Water lilies - Philolaos Tloupas
Philolaos Tloupas, known as Philolaos (1923-2010), Nymphéas [Water lilies], stainless steel, 1989
This monumental sculpture that adorns the two fountains is made of stainless steel, Philolaos' favourite material. It shows the shape of a flower in a basin, a modern nod to Monet and a tribute to a nature that seems, at all costs, to be taking back its rights on concrete.
A word about the artist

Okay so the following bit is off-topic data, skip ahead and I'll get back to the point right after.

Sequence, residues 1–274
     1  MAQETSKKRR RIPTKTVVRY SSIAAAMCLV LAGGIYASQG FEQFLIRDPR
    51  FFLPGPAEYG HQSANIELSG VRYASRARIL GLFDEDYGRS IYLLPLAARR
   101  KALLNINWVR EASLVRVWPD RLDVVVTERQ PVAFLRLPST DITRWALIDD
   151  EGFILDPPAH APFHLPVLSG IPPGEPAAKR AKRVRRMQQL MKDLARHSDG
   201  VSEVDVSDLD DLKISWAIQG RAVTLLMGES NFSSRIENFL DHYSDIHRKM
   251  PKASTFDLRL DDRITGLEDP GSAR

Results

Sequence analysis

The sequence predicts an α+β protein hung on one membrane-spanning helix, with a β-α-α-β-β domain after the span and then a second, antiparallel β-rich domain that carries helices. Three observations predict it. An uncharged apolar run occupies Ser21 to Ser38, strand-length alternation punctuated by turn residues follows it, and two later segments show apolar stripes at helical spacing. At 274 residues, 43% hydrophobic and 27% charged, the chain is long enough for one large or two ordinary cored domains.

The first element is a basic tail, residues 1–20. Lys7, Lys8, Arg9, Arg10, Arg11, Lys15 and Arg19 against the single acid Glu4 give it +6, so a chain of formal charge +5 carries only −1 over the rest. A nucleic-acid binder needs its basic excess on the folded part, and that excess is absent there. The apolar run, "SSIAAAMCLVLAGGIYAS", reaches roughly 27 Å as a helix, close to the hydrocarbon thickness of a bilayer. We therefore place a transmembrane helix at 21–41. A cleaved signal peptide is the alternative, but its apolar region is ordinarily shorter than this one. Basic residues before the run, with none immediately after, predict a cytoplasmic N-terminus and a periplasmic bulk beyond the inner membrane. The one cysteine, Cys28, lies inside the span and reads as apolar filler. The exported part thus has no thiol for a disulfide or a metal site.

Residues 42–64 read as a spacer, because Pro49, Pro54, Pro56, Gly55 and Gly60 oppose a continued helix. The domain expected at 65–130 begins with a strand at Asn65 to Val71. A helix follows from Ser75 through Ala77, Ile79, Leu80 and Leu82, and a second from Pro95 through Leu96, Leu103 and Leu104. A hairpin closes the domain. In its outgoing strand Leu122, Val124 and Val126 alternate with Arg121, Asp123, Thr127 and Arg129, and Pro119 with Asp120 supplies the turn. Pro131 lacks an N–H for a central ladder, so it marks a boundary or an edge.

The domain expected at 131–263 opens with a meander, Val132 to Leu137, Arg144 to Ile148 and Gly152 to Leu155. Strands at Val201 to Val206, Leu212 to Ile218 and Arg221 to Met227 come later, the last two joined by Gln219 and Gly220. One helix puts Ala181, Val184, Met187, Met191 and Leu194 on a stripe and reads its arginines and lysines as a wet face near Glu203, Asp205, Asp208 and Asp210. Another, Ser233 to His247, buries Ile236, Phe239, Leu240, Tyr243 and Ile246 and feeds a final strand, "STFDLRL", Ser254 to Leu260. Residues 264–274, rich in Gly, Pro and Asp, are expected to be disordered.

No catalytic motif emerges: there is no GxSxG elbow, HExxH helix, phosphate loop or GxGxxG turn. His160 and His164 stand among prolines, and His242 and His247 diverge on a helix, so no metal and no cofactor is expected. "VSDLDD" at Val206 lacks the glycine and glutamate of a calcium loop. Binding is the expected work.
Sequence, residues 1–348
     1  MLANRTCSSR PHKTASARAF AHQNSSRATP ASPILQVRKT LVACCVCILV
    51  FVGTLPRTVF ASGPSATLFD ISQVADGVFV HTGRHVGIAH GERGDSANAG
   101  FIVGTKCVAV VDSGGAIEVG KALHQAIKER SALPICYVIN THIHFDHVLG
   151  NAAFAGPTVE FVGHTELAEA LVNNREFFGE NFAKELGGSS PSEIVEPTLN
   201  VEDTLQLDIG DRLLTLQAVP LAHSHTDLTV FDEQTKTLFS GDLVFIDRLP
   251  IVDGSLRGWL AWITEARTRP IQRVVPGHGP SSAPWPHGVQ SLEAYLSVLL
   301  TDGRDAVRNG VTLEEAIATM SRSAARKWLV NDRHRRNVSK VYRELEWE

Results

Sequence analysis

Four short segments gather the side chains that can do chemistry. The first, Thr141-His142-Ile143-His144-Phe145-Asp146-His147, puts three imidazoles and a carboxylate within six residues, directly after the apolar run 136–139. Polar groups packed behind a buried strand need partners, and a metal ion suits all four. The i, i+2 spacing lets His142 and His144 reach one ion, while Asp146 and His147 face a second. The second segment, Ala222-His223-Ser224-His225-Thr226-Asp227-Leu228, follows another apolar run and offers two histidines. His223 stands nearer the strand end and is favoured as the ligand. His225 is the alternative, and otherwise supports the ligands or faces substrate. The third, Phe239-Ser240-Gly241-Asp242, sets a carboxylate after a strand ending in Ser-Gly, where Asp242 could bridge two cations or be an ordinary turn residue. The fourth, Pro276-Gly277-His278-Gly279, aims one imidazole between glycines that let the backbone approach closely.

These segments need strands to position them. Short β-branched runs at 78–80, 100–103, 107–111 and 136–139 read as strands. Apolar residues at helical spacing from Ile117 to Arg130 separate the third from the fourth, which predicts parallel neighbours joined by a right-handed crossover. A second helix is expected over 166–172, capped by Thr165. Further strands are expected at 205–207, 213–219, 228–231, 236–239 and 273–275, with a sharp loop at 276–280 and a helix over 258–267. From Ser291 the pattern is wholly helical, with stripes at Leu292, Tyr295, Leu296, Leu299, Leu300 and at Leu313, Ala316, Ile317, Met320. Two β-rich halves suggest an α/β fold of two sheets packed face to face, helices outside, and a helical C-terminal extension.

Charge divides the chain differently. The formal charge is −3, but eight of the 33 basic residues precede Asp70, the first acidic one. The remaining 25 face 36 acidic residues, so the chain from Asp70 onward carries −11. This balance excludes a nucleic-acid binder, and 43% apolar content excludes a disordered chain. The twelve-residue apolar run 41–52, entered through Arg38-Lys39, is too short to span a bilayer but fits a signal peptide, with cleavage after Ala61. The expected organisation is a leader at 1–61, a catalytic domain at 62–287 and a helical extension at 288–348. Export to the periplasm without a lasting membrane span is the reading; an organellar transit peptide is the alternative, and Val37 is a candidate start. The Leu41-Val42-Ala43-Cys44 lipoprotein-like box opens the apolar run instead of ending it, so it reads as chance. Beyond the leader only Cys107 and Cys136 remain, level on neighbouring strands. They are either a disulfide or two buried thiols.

Born in Greece, Philolaos Tloupas (known as Philolaos), moved to Paris in the 1950s where he studied at the École Nationale Supérieure des Beaux-Arts. In 1963, the architect André Gomis suggested that he create a "sculpture-architecture" in Valencia and enabled him to discover the powers of urban aesthetics. He then became the sculptor of architects. At the same time, a material opened up new possibilities for him and played an important role in his artwork: stainless steel. In particular, he uses its natural modularity to create shapes that escape geometry to better connect with nature. Pursuing a personal plastic artwork, Philolaos expresses himself on different supports: he uses terracotta, turned wood, smoothed marble, washed concrete, among others.
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